Had these unclaimed ancestors appeared in Union Square, we would now be working for Giroux, Giroux & Giroux. As it happens, though, Bob has never heard of them—not before this moment. They were recently and inadvertently discovered for him by a Princeton University geologist who, with the backing of a Columbia University alumnus-entrepreneur, has been staking new gold claims in the general vicinity of Giroux Wash, where mineable assays exist in a form of deposit that could not have been detected by 19th-century prospectors. A claims-staking war is in progress right now, and the Princeton-Columbia forces seem to be winning. With Columbia supplying the seed money and Princeton the other essential component, fresh millions may soon be added to the Columbia endowment.
Aware of tonight’s event arid the Alexander Hamilton Award, the Princeton geologist, Ken Deffeyes, hiked into Giroux Wash a couple of weeks ago and picked up a rock. He brought it home, sliced it, lacquered it, labeled it, and has given it to me to give, with his congratulations, to Bob Giroux. It may or may not contain gold, but a rock, whatever it contains, seems an appropriate gift for an author to present to a publisher. Particularly, this rock. It is chalcedony, mother of flint, chert and jasper. Its lyrical, metaphorical family name is cryptocrystalline quartz.
As I deliver it with guileless affection, I wish to assure all Columbia College alumni, and especially Robert Giroux, that there is absolutely no truth to the rumor that Princeton, in honor of one of its sons, has established the Aaron Burr Award for Marksmanship.
Tom Eglin’s sense of humor, sharp enough in the first place, remarkably seemed to rise—to become increasingly rich in perception and range—in response to his besetting illness. I hope I won’t be misunderstood when I say that Tom was an easy patient to visit. He was wry. He was funny. He was anecdotal. He cheered you up. He told you stories. There was a basketball backboard in his bedroom with a berserk little ball. He counted up, with amusement, the shots you missed.
Mindful of our common Scottish backgrounds—his even closer in time than mine—he told me a story about taking his sons on a voyage among the isles of Scotland. An educational cruise it was, professors aboard, a ship called Argonaut, a captain who was not called Jason. As the boys sailed into the very waters of their heritage, they were seasick. This, as they had read, was “the land of the bens and the glens, where not even Sir Walter Scott could exaggerate the romantic beauty of that lake and mountain country penetrated by fjords that came in from seas that were starred with islands. The weather changes so abruptly there—closing in, lifting, closing in again—that all in an hour wind-driven rain may be followed by calm and hazy sunshine, which may then be lost in heavy mists that soon disappear into open skies over dark-blue seas. When the ocean is blue, the air is as pure as a lens, and the islands seem imminent and almost encroaching, although they are 10 or 15 miles away—Mull, for example, Scarba, Islay,Jura, the isles of the Sea. “With all that off the starboard rail, the boys were seasick; and when they were finished being seasick, they came down with flu and went into steerage in the hold. Telling the story with a slight blush and smile, Tom confessed annoyance. He said that he had been, in fact, profoundly irritated by his sons’ becoming sick, “because the trip, as you can imagine, was not inexpensive. “This was one Scottish father speaking to another directly from the heart.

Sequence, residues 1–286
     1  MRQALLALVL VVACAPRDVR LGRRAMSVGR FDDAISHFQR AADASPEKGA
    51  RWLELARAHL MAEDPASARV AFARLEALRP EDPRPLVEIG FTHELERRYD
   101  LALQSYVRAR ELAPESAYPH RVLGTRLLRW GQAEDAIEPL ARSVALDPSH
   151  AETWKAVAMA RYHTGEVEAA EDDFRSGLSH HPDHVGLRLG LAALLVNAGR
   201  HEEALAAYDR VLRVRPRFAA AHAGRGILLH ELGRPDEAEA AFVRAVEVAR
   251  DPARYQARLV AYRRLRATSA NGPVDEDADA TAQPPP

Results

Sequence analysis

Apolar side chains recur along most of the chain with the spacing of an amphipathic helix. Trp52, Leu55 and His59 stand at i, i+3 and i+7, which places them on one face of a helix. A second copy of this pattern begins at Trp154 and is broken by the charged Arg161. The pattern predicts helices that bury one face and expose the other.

When Bill Bradley came to Princeton, Tom was his freshman adviser, Tom’s mission being to guide this aimless youth toward some sort of utilitarian destiny. Evidently, Tom succeeded. It was the beginning of an enduring friendship, and Tom’s encouragement and generosity of counsel were prized by Bill from then to now. From time to time, our three paths crossed. When Bill was in college, and practicing by himself one summer in the Lawrenceville field house, he missed six jump shots in a row. He said to us, “You want to know something? That basket is about an inch and a half low.” Some days later, Tom got a stepladder, and he and I measured the basket. It was one and one-eighth inches too low. When Bill was an NBA basketball player, in the early 1970s, he occasionally went to Lawrenceville to practice alone. One day, feeding the ball back to him, I developed a grandiose fantasy. “Suppose I were somehow to get into a game with you in Madison Square Garden,” I said. “Could you get me a shot in the NBA?” “Of course,” he said, and he sketched out a certain baseline move by which a person 2 feet tall could score on Abdul-Jabbar. At that moment, out of nowhere, Tom appeared. Bradley told him to guard me, and the play worked. Tom and I reversed roles, and the play worked—the play being so ambiguous that I couldn’t stop it even though I knew what was going to happen. Now two people whose height added up to a single basketball player’s would forever be grateful to Bill for their one and only shot in the NBA.
Those are just a couple of reminiscences from one person who first knew Tom in college and later was his frequent tennis partner for 10 or 15 years, including a time when I most especially needed a friend, and in his quiet way, without a great deal actually said, he was right there. Comparable streams of remembrance surround each one of us at this time, all as different and particular as they would be analogous, all relating to this bright figure of quiet humor—this athlete, counselor, teacher—whose capacity for love and friendship were outsized.
I used to go to New Hampshire in the summertime with a stack of New Yorkers a foot and a half high. I would paddle straight over the lake until I was 27 yards out of earshot, and then I would lie down and go through those magazines like a drill bit, looking for things I particularly remembered, looking for things I’d missed on journeys during the year. Trillin in Provence fighting bulls in water—Taureaux Piscine! Mark Singer and the Puerto Rican rooster in the window of the Israeli locksmith shop on Seventh Avenue. Ackerman and the albatross, Iglauer and the salmon, Fraziers metaphysical bears. Barich up, in the eighth at Santa Anita, wearing our silks. Updike on the eighth, parring. Angell in the eighth, relieving.